If we could choose our children's friends, chances are they'd be surrounded by the smartest, sweetest, most nurturing kids at school.
Unfortunately, there are sure to be a few hurdles in the friendship space: Maybe there will be a super bossy friend, or a friend who skips school, or that dreaded friend who encourages your child to try drugs or alcohol.
Could you and should you — as a parent — break up that friendship? When is it OK to step in? And when do you have to trust that your child will figure out how to make the decision on her own?
When children are young, parents have complete control over their lives, and this includes their friendships, said Tara Pandarinath, a school social worker in Atlanta. At this stage, the child should be learning how to socialize, figuring out how to be a good friend, and should be supported in learning how to resolve conflict positively.
As children enter the preteen and teenage years, however, their job is identity formation, and friends are a big part of this.
"But you are still the parent, and your child is still learning," she said. "You need to set clear expectations about how your child should act, and support them in safely failing."
That may mean letting them be hurt in a friendship. That also means you have to be there to wipe away the tears and help them reach their own understanding about what it means to be a friend.
Toxic friendships, however, may need a different approach.
Pandarinath suggested approaching these with an attitude of curiosity, rather than an outright ban.
"Teens are very sensitive to authority, and it is developmentally appropriate for them to push boundaries," she said.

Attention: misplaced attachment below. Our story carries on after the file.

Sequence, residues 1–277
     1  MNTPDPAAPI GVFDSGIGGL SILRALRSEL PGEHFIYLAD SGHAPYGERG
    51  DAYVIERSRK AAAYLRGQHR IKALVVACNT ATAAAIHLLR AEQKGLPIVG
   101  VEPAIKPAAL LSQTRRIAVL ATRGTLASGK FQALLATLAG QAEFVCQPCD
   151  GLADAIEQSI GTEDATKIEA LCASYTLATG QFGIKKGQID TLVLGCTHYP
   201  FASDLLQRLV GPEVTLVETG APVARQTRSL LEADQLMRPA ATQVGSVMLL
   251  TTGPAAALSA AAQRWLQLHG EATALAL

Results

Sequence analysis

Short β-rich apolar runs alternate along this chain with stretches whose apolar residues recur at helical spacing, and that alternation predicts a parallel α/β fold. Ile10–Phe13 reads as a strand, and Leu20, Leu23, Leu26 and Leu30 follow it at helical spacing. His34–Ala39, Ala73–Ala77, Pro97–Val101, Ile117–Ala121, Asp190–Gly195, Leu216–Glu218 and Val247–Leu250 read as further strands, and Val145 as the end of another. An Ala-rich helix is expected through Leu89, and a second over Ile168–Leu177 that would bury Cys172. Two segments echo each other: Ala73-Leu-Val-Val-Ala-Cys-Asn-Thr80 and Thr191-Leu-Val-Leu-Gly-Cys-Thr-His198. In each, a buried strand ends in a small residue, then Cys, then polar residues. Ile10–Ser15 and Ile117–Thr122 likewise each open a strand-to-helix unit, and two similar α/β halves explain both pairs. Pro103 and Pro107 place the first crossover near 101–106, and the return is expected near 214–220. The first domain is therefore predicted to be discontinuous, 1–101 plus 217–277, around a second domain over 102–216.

So while you can explain your concerns, don't try to manipulate or maneuver your child, because he will push back.
While parents have a hard time banning friends in the teen years, they can encourage their children to expand their social lives and to make new friends, said Christy Thrash, a licensed psychologist in Colorado.
"Parents can do this by signing their kids up for new after-school or church activities, or helping them find a part-time job where they will work with kids their age," Thrash said.
It's a different situation if your child is in potential danger from a friendship. A child's frontal lobes aren't fully developed, so they underestimate risks and may think they're invincible, said Kimberly Schaffer, a licensed clinical social worker in New Jersey.
"If the child continues to engage in the friendship after the parents have discussed their concerns, parents must do whatever they can to end the friendship," Schaffer said.
That could mean switching schools. This works if your child is being bullied and the school isn't taking corrective action, said Casherie Bright, a mental health counselor in Utah. It could also help if your child has made poor choices and needs a clean slate.
"I think that moving should be a last-ditch effort, however," Bright said.
That's because it's not guaranteed to work.
"If the child picks up a negative peer group and wants to be with the druggies because they feel accepted or feel like they belong there, they could possibly just find the same type of kids at the new school," she said.
Since a perfect school doesn't exist, children need to be armed with the strength to resist temptations and peer pressure regardless of the setting, said Donna Aucoin, a licensed psychologist who works with children, schools and families in Lafayette, La.
Fostering an open and honest communication style with your child and educating her about drug and alcohol use, risk factors and addiction are helpful, said Kelley Kitley, licensed clinical social worker in Chicago.
When your child is associating with a more positive group of friends, it's important to reward that behavior.
"Increasing supervision and structure at home when their kids make bad choices, and then allowing them more freedom when they make positive choices, will go a long way in fostering a healthy amount of independence in teens," Thrash said.
It may also convince them to make friends that make both of you happy.